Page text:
One misty morning, I drove to the park from Santa Cruz on windy Highway 9. I turned one of the many blind corners and almost ran over a vagrant walking down the middle of the road (literally the middle of the road) pulling his rolling suitcase. Yikes. Luckily I was driving cautiously through here because when I drove into town the day before I couldn’t help but notice that the pullouts were polluted with groups of what I am going to call “car people” in various states of inebriation and agitation and ankle-deep in their own litter and debris. Yes, that was my off-putting experience with the “Santa Cruz city greeters.”
I thought early morning might be a good time to explore Henry Cowell State Park, avoid those car transients and the crowds in general. I was mostly correct.
The 4,650 acre park is best known for its 40-acre grove of towering old-growth redwood trees, but it also includes 3 other habitats (grasslands, river/riparian and sand hills). The redwoods here are said to have inspired some of California’s earliest redwood preservation efforts. The tallest tree in the park is ~277 feet tall, ~16 feet wide, and estimated to be ~1,500 years old. Some trails run alongside the Sans Lorenzo River and there’s even a swimming hole.
When I arrived, the parking lot was empty as were the trails. I just ran into a couple trail runners and dog walkers.
The .8 Redwood Grove Loop trail is, of course, a must do. I also did the Cowell Highlights Loop to the Observation Deck (the park’s highest point at a meager 805 feet) Overlook Bench, Cathedral Redwoods, and Cable Car Beach about 6 miles.
It was pleasant but I never felt I was away from civilization – one “trail” is a paved road and you can hear people at the campground from different points on the trails. It’s a good place for a quick leg stretch or trail run, family hiking and camping experience. If you’re a hard-core hiker, I’d say if you miss it, you won’t miss that much. If you get it on a clear day, you might be rewarded with spectacular views of Monterrey Bay. I wasn’t, but the Santa Cruz mountains views were certainly pleasant. By the time I finished my hike, the parking lot was full of people crowding onto the trails in hopes that the mist would clear for them. It may have, but I’m glad I got out of there when I did. Go early, if you want to avoid the crowds.
After 2 somewhat disappointing days in Santa Cruz, I headed south for adventures in Carmel and Monterrey. They did not disappoint.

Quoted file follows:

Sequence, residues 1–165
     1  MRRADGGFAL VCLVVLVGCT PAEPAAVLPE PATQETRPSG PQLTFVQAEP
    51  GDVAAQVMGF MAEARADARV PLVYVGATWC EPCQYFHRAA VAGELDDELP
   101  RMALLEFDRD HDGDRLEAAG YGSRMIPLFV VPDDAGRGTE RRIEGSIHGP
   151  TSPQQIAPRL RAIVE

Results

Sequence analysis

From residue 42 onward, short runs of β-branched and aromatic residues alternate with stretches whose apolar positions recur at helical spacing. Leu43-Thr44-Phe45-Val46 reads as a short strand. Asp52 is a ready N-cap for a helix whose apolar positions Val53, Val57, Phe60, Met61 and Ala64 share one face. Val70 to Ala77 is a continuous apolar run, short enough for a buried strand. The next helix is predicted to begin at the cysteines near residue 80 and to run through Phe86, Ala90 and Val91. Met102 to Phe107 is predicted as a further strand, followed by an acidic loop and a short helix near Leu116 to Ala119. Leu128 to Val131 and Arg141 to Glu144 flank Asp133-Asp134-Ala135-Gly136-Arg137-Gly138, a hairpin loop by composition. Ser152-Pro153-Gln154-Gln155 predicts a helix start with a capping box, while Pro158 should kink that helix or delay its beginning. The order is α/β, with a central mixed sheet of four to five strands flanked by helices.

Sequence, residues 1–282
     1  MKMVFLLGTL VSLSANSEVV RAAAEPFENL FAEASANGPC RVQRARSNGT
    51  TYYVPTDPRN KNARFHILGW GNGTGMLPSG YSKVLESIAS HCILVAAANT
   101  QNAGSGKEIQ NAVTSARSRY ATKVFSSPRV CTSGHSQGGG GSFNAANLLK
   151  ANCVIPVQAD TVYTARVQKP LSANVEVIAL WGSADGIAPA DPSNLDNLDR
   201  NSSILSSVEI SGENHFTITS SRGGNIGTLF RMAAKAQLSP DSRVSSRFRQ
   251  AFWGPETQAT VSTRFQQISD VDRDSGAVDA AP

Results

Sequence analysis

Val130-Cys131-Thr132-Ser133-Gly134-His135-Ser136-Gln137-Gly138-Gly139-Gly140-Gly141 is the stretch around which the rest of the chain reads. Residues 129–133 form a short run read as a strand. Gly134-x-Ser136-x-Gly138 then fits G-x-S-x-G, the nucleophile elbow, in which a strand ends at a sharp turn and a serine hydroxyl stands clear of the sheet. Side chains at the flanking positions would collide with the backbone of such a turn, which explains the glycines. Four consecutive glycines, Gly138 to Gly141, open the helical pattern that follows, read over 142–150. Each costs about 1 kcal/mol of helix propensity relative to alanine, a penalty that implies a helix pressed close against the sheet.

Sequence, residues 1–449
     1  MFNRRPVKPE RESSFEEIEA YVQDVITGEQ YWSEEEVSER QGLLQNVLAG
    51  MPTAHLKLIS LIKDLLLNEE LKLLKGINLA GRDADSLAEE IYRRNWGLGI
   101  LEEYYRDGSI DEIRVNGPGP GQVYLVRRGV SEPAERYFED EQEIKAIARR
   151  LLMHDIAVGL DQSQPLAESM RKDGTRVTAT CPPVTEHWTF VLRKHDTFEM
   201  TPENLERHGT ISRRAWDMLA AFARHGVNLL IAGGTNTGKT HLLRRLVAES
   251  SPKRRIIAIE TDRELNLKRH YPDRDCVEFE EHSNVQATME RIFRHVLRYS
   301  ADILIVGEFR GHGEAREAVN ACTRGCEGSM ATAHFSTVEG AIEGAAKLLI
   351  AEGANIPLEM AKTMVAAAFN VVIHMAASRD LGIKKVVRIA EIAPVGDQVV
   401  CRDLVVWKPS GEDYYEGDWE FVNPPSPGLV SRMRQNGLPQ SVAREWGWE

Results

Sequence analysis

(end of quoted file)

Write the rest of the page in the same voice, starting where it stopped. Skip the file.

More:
So I asked my athletic beau, Ken, “How about we take our mountain bikes to Catalina and ride from Avalon to Two Harbors, hang out and ride around there for a day, and then ride back? What do you think? ”
“Sure, sounds good,” he replied without blinking an eye…This is where I should have pulled out the disclaimers about the ~1700 foot climbs (that’s plural) that we’d be doing from sea level over the course of ~21 mile traverse across steep, unforgiving fire roads, and the fact that he’d be carrying a heavier pack than I…
I did dig out my old map of the marathon route with its epic elevation gains and losses, but he didn’t give it a glance. I declared with my usual exuberance, “It’s going to be a tough one, but it will be a great adventure!” You see, back in 2000, (yes, nearly two decades ago), I ran the Catalina Marathon, which takes you across some of the same routes so I had a distant, but visceral memory of how “challenging” the climbs on the island can be. (Decades of trail running has also taught me that’s it far easier to run up hills than it is to bike up them, especially if you are on heavy, beater bikes lugging packs on your back.) Of course, I’m nearly 2 decades older now and should also mention that we don’t mountain bike much (our last MTB adventure was Noble Canyon and we all know how that went. My bruises have finally faded,)
Bottom line, we both try to maintain a moderately-high fitness level for our weekend warrior and extended escapades and active adventures…(I’ve been focusing on yoga, swimming, hiking and a weekly road bike and he’s been running, and joining me for swims and road bikes as his schedule allows.) Unfortunately, I can’t run any more due to literally running out of cartilage in both my knees. Ugh, I know! For some reason, I thought I would be ok on the mountain bike with the hills…
Catalina Island is a small (22 miles long & 8 miles at its widest point) rocky gem in the Pacific ~ 22 miles from Los Angeles, but thanks to nearly 50 years of the Catalina Islands Conservancy’s good work, it’s really worlds away! The island’s topography is a study in rugged beauty with steep cliffs and jagged coastline. Ninety percent of the island’s 4k population live in Avalon, which is also the Island’s major tourist destination with quaint shops, restaurants and bars. Yes, it has its charm, but you know by now that I’m more of a “wildlands” fan myself. That’s why we’re heading to the remote Westside of the island and staying in Two Harbors,
So I was wrong about that. Not long after the picture above was taken, 3/4 through the first climb from sea level up the airport road, I thought my knees were going to explode. No way I can make this, I thought. That’s when Ken pulled over and ordered me to empty everything heavy out of my pack and put it into his. I didn’t argue, toughing it out wasn’t an option if we were going to make it across. Yes, Ken is a stud and my hero! Wouldn’t have been able to make it without him taking on the extra poundage.